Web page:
Kimberly Garcia

English 162 W

March 14, 2011

The relationship between Edgar Allan Poe’s “The Fall of the House of Usher” and Tuan’s chapter “Architectural Space and Awareness” is shown with the House of Usher itself and how it confines the characters that set place within it. The claustrophobia of the characters shows the limitation and ghastly effect that the house produces. Leaving the characters only so much to endure.

According to Tuan, “Consider the sense of an “inside” and an “outside,” of intimacy and exposure, or private life and public space. People everywhere recognize these distinctions, but the awareness may be quite vague. Constructed form has the power to heighten the awareness and accentuate, as it were, the difference in emotional temperature between “inside” and “outside”” (Tuan 107) When we approach this idea, we can relate it to the way the narrator of Poe’s “The Fall of the House of Usher” is first introduced to the outside of the house. As he said, “with the first glimpse of the building, a sense of insufferable gloom pervaded my spirit” foreshadowing that it is the house that deteriorates everybody’s mood and health. The narrator’s awareness is vague compared to what is going on inside the house. Although, he soon comes to realize that the private life of Roderick and Madeline reflect the house’s condition.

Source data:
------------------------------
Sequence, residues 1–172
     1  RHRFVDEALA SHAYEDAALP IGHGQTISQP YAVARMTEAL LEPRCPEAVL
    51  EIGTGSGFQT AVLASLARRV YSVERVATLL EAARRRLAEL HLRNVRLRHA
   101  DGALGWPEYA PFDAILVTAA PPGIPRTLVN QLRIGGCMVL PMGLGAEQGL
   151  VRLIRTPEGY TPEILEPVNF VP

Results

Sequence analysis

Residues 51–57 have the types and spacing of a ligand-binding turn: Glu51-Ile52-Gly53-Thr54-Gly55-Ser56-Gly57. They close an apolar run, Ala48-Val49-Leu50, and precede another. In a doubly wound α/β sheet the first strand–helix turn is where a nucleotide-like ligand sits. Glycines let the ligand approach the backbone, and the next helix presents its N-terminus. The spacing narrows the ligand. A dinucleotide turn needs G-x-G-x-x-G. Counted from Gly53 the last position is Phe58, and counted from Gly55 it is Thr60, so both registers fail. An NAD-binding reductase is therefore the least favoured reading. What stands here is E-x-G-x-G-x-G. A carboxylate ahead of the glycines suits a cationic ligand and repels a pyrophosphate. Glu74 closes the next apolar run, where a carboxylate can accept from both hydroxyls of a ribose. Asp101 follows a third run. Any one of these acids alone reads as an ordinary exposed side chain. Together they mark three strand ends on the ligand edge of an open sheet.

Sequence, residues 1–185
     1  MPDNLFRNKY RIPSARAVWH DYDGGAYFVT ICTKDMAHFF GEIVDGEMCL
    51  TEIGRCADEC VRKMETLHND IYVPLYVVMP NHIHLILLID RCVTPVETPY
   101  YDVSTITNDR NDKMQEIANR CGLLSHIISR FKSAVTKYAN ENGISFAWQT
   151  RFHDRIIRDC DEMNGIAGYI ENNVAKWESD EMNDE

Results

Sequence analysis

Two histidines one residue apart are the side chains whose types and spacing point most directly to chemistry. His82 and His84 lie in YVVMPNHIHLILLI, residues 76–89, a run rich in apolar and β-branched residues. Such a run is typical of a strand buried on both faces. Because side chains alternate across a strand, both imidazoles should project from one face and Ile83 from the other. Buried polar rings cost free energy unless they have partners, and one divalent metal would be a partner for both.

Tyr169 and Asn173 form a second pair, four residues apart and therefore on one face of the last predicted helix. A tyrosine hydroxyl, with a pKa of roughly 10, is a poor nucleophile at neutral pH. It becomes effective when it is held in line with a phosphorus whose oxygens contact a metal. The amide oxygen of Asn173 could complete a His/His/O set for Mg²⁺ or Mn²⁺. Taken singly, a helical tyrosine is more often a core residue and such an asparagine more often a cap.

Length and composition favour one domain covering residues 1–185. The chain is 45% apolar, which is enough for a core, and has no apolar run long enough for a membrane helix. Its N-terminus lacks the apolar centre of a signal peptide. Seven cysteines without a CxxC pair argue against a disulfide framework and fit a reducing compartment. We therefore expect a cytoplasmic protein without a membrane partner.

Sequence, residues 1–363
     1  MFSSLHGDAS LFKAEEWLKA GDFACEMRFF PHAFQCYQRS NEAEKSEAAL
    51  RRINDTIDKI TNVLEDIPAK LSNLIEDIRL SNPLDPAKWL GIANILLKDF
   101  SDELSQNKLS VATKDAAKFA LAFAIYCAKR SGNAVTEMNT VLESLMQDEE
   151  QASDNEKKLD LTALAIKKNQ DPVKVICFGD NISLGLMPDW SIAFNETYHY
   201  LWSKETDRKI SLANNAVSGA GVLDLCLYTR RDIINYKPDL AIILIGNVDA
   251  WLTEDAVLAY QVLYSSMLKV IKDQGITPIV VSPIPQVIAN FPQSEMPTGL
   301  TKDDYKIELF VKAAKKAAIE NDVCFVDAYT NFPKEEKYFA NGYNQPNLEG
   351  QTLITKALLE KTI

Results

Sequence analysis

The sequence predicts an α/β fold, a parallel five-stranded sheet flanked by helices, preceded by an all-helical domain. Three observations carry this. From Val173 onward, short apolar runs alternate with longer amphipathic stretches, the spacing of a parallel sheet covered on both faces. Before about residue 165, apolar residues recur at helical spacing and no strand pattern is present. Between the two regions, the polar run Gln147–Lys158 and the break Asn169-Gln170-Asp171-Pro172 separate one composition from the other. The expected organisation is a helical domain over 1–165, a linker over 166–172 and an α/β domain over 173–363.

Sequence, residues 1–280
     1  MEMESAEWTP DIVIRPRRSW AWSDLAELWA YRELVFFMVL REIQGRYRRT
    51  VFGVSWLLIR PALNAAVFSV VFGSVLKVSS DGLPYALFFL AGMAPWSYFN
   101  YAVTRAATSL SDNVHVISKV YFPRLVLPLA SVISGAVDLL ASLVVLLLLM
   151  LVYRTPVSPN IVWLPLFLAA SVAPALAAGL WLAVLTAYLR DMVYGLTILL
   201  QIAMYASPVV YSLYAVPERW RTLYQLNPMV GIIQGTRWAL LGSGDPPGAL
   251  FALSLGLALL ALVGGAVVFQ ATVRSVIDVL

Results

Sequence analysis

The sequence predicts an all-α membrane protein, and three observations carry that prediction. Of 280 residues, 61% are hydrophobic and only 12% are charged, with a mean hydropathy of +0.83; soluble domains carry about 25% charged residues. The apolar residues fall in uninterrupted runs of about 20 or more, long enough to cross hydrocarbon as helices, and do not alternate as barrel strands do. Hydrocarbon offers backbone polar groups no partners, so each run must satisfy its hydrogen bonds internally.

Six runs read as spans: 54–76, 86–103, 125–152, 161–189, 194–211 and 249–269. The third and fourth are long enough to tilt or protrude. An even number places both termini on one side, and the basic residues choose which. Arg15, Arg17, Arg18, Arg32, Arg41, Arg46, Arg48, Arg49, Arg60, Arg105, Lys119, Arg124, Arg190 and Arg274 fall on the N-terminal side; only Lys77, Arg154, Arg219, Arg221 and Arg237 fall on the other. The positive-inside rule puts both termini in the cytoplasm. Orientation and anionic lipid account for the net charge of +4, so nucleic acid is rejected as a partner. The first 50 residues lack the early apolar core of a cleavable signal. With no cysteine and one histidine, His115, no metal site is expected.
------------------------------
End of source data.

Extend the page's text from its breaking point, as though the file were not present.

Both siblings have some sort of problems associated with the house; Madeline’s loss of control for her limbs and Roderick’s constant headaches. Once Madeline dies or so the narrator and Roderick thought, Roderick’s senses become heighten. His fear of hearing things has created a different emotional temperature for our narrator comparing to when he was outside and safe. It is our narrator that allows us to also differentiate “inside” and “outside”. Everything inside the house causes stress, mental paranoia, and deterioration of one’s health. Whereas at the end when the narrator escapes the house, he is safe outside while the house crumbles to the floor. As it would take an outsider to confirm Roderick’s speculations that it was the house causing all the problems.

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